How Does The Sun Produce Energy

How Does The Sun Produce Energy

The sun is, in essence, a giant fusion reactor generating gravitational pull from its core that is the basis behind its continued heat and light generation. Consisting primarily of helium and hydrogen the intense gravitational forces located at the center of the gas giant compress the two atoms together, generating energy from the combining of these and the subsequent destruction of the two atoms as separate entities. The resulting reaction radiates energy in the form of heat and light outward through increasingly less intense reactions until it leaves the sun and travels into space.

The center of this intense reaction is extremely hot – roughly 15 million degrees Celsius or 19 million degrees Fahrenheit. This intense heat allows for the atoms at the core to constantly be fused and re-formed due to the high level of activation energy surrounding the process. This is much hotter than any fission process found in conventional nuclear power plants due to the fact that the splitting of an atom results in the destruction of the core particle in order to harness the energy therein while the sun acts to generate new particles constantly for an unending energy creation cycle on an immensely larger scale than anything we encounter terrestrially.

As the heat and light leaves the core it does get progressively and rapidly cooler until it finally leaves its generation point. At the surface of the sun, for instance, the temperature would read a mere 5,500 degrees Celsius or 9,900 degrees Fahrenheit – again both extreme heats yet still less than 0.5% of that at the core.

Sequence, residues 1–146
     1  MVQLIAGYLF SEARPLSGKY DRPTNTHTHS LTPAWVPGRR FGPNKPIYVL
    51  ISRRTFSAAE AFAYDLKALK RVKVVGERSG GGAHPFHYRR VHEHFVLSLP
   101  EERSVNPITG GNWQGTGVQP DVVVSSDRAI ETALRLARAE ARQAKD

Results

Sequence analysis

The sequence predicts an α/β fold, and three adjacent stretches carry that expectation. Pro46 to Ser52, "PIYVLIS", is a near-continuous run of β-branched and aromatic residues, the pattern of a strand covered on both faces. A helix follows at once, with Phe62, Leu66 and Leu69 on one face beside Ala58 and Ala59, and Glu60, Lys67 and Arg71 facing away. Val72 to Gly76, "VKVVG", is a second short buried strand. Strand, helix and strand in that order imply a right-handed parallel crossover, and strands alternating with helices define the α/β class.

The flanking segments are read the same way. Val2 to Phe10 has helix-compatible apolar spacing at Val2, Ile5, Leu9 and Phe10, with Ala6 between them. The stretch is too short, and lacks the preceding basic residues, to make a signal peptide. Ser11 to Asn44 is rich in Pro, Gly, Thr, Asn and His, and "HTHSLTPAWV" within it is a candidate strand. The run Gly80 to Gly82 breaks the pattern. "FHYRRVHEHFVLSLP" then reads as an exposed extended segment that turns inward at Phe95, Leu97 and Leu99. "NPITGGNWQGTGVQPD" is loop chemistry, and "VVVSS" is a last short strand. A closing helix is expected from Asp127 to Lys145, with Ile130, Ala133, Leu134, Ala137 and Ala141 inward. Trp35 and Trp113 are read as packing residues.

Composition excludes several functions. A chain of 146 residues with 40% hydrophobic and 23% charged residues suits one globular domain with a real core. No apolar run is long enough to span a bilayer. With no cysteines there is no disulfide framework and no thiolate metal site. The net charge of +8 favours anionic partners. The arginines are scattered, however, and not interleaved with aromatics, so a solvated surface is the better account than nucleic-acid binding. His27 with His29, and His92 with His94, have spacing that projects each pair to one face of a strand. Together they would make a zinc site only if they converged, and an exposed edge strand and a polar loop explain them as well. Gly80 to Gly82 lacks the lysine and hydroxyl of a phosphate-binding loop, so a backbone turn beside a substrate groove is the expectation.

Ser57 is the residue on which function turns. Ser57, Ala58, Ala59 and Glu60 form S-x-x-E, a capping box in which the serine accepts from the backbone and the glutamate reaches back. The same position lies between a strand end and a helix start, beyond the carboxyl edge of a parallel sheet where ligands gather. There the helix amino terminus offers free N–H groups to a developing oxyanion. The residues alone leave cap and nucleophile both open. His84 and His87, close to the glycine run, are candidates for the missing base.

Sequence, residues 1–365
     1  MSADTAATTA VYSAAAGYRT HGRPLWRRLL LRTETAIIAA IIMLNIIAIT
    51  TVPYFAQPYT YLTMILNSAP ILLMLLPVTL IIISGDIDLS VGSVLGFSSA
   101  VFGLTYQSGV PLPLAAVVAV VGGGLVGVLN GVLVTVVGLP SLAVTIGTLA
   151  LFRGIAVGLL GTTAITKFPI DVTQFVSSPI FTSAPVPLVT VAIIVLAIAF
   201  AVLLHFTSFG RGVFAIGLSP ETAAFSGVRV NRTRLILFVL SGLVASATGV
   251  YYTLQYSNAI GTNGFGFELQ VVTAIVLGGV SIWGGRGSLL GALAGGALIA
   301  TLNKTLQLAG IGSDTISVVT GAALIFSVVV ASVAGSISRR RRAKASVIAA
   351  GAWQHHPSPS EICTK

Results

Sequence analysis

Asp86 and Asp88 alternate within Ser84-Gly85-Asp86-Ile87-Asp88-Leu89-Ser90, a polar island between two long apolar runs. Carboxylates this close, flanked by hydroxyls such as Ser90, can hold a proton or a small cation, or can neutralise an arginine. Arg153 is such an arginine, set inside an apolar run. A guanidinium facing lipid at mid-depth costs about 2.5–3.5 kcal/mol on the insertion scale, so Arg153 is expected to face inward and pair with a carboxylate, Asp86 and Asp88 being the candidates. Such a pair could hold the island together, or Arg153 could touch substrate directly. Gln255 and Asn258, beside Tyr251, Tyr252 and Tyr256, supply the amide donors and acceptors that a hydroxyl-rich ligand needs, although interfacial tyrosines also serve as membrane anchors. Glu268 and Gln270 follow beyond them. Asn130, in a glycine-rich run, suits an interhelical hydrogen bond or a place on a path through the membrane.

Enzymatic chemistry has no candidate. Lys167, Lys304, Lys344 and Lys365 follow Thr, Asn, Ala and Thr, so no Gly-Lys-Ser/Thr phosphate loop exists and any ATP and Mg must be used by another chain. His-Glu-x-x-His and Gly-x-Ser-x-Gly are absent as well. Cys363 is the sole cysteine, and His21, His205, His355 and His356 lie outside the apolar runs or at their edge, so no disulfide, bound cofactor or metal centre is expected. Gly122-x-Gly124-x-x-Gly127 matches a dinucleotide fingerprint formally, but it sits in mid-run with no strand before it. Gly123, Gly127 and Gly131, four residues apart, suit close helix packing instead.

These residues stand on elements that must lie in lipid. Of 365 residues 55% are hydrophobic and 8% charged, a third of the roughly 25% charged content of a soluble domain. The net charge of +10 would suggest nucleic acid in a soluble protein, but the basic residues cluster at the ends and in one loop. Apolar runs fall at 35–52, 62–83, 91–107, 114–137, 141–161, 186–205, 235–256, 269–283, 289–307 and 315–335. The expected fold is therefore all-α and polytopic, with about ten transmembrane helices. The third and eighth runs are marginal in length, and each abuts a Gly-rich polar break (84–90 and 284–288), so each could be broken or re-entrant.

Occasionally as energy is released from the central core it can trigger uncontrollable reactions on the surface due to intense energy fluctuations. These reactions to the energy released manifest themselves as solar flares, or buildups of both radiation and energy just under the surface that erupt in spectacular displays roughly 10 million times greater than a volcanic eruption found here on earth, emitting intense heat, light and radiation as they do so. This radiation can actually be strong enough to interfere with certain radio signals on the surface of our planet as well as some other sensitive electronics though at the same time are generally no real threat due to the fact that the total energy in one eruption is less than 10% of the actual energy released by the sun every second.

Solar flares and most other energy release points can be found primarily around the sun’s equator or central region where gravitational spin is the strongest. This is due to the fact that this area allows for far more compression overall of the helium and hydrogen atoms necessary for the sun’s fusion process to complete and, as a result, more energy is generated on a regular basis. This is also why planets generally form in an orbit around the sun thanks to the same gravitational pull and utilize the star’s energy for their own purposes, much like the Earth’s ecosystem relies upon the sun for the energy it needs to sustain itself.



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